How does Buffalo figure into your writing, if at all?

It hasn’t until my latest book, my first non-fiction, Wind over Tide. The main character in Traveling With An Eggplant is from Canada, which factors into her character and the plot and why she’s working in New York City as an adult. In the ‘Alice’ books, the main character is from Florida, which also has importance in the latter half of the books. I hadn’t moved back to Buffalo until recently, which may have had something to do with its recent relevance. An upcoming book project, Freezer Queen, is inspired by my experiences working for a marina downtown. But Wind over Tide surprised me with its urgency and we decided to release it before the last book in the ‘Alice’ trilogy. Although they never married, my mother was with my stepfather since I was 11 years old and he was a huge part of my life. The book is made up of a series of letters I wrote him during the year after his sudden death. Its purpose is grief therapy for others, for memoir, and became as well a time capsule of growing up in Buffalo in the ‘80s and ‘90s.

While you were writing these letters to Joe, did you initially or eventually envision turning them into an anthology, or was it only after you could see them as a body of work in their entirety?

They were never intended for publication. A few editors happened to glance through them and commented that they felt they’d make a powerful compilation that could aid other people through their own grief or difficult memories of childhood. I declined multiple times. But I realized they were right — that allowing people to read this personal conversation which serves as a rumination over various points in my past and posing them against present and future, readers could be helped not only with grief but in finding their own creative way to process loss. Writing letters to Joe was the easy part. Allowing other people to read them was a nerve-racking and vulnerable experience but one that helped me to grow and understand how chapters of my life, some that were favorites, some anything but, have served as creative and emotional fuel.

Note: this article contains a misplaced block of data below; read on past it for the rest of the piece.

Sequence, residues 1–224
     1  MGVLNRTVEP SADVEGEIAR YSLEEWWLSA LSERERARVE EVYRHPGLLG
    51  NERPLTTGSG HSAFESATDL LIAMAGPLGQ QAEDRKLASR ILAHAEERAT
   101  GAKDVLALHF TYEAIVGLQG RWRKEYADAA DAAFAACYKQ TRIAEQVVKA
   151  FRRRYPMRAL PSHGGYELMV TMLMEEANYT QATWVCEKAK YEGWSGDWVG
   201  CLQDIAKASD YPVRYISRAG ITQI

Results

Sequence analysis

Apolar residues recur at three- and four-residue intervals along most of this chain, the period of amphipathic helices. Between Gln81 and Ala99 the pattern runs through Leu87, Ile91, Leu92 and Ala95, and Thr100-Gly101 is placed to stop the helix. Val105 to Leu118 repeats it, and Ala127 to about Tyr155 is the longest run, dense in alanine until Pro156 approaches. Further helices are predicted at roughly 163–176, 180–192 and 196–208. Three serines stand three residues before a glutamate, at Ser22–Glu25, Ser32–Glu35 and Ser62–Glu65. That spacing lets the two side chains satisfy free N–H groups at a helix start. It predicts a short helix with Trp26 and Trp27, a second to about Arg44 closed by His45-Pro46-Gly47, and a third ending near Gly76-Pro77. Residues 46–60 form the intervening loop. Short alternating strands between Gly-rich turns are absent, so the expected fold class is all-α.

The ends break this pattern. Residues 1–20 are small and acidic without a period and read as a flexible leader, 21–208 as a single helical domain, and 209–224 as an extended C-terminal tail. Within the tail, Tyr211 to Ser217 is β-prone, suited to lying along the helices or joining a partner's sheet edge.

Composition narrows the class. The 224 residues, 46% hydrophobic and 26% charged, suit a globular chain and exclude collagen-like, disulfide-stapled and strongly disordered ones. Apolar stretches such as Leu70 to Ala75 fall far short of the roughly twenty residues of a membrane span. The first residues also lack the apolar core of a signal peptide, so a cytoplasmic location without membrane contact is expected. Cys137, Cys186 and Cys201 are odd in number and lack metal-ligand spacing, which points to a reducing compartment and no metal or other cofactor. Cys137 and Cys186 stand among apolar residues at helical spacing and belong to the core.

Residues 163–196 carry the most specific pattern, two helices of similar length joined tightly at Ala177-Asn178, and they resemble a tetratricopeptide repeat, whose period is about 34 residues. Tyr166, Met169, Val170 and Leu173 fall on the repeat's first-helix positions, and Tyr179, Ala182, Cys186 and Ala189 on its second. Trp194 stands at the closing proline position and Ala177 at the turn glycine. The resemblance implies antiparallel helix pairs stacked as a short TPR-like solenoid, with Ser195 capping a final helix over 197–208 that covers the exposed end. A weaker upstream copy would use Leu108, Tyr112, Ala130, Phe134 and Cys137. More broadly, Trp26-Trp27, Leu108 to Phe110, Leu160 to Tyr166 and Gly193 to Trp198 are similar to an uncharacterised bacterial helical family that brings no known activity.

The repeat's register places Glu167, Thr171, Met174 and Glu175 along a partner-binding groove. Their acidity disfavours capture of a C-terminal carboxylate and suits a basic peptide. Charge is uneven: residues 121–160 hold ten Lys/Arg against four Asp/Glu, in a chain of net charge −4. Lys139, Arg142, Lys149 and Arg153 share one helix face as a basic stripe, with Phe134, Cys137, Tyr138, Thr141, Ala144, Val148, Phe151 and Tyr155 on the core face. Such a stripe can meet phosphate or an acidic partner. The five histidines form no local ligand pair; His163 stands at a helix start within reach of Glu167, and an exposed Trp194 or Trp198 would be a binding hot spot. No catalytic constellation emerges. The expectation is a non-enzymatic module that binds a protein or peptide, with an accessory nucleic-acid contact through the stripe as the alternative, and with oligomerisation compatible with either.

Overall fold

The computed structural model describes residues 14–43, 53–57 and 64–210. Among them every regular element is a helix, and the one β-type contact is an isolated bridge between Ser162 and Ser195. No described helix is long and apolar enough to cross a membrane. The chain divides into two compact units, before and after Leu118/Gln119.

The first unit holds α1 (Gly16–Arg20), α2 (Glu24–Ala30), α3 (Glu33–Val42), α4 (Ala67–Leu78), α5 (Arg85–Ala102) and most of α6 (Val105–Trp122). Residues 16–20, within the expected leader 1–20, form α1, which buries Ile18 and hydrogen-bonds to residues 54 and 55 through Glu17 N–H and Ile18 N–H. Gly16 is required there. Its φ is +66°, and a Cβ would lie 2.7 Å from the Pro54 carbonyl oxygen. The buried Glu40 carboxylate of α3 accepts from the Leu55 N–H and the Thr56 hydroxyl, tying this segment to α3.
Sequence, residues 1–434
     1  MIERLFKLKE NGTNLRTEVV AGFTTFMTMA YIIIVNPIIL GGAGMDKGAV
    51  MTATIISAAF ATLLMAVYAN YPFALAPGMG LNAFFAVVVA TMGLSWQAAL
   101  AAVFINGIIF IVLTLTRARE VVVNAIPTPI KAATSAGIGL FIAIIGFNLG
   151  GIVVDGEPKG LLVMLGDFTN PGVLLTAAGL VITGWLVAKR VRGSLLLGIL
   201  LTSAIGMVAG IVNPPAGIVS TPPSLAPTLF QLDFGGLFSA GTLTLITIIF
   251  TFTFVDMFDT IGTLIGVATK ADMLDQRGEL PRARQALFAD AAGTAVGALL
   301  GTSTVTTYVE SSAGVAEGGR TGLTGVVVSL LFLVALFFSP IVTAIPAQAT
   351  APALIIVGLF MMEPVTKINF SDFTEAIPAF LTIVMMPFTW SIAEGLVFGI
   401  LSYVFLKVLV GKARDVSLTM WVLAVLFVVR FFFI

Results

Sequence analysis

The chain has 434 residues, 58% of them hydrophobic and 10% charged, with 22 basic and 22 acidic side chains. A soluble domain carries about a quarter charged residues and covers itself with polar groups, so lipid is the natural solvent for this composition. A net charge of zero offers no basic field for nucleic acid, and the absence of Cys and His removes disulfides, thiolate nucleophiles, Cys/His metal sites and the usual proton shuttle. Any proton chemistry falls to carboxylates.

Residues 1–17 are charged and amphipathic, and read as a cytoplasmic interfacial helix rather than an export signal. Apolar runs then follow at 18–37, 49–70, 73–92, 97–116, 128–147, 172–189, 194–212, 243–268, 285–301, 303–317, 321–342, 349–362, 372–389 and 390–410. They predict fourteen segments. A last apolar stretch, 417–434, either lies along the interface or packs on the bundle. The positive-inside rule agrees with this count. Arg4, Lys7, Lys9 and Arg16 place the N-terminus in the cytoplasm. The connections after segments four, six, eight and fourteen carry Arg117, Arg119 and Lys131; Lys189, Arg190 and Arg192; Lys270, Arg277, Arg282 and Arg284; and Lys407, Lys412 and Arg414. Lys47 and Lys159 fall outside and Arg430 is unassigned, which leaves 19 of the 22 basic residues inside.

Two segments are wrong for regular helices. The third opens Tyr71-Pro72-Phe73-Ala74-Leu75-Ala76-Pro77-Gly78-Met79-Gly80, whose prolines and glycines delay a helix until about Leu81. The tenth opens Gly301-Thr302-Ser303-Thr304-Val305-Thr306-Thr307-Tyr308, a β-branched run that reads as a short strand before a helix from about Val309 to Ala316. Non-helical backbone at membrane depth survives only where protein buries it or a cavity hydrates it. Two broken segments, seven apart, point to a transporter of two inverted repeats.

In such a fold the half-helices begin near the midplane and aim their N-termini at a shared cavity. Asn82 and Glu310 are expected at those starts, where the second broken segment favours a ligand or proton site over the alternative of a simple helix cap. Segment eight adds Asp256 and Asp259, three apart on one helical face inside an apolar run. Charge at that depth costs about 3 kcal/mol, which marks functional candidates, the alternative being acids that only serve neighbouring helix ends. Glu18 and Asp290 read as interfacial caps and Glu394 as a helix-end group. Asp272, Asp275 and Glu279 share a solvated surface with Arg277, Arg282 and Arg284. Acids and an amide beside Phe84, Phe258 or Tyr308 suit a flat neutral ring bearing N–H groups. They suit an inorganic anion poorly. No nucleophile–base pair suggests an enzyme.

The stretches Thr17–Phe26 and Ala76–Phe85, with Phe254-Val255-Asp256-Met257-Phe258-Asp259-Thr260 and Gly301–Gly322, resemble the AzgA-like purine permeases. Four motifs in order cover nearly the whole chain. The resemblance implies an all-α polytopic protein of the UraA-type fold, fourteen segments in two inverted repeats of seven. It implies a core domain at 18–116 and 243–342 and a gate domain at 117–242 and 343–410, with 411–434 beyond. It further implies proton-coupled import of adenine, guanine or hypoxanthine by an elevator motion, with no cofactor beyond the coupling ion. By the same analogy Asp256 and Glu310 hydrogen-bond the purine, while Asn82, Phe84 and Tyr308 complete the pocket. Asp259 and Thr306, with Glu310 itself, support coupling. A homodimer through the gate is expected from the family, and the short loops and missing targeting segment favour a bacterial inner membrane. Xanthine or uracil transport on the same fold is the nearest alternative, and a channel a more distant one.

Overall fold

I noticed that especially in the last several letters you made water analogies. Was this a theme that emerged organically, or did you find yourself drawn to a water theme after some time had passed?

It absolutely emerged organically. I knew I was interested in calling it Wind over Tide because of the nautical term meaning the most difficult sailing conditions imaginable — short and heavy seas combined with heavy winds — that well-represent the year in which I wrote the letters. But it wasn’t until I began re-reading large chunks of the letters that I noticed how many references there were to water and drowning and anchors as symbols with dual meanings. I was honestly surprised but happy — as a writer, synchronization makes it all worthwhile, these moments we don’t plan that absolutely flesh out the narrative and reiterate symbolism and themes.

Did writing the letters help you to find closure with your loss?

I wouldn’t say closure, but more expanded my idea of what talking to him would be like from this point on. That writing the letters was no longer necessary, I just needed to alter my way of thinking about talking to him. It did bring closure to my outdated self-concept, an unhealthy and self-defeating way of thinking about my life and future. I learned to internalize his confidence in me and move forward with that mindset.

What are you working on right now? Do you have anything on the horizon you’d like to mention?

I’m currently finishing What Alice Found, which will be the final installment in the trilogy. Readers have been patient with me delaying part three until Wind over Tide was released, and I hope for it to be released next year. Another project, and one very important to me, is the aforementioned Freezer Queen, a fictionalization of experiences I had last summer working at a marina, with some Buffalo history thrown in for depth and plot connection. It has many elements of an ‘80s comedy and romance but, then again, my version of a romance will be as unconventional, funny, and unpredictable as my readers would expect. And, if all goes as planned, this will be the first book of mine in which no one dies or is killed. That in itself, is a departure for me. 🙂

Connect with Alycia Ripley on the socials (FB & Insta, and her site) and see her in person 4 p.m., Thursday, August 31, at Barnes & Noble on Transit Rd. in Clarence.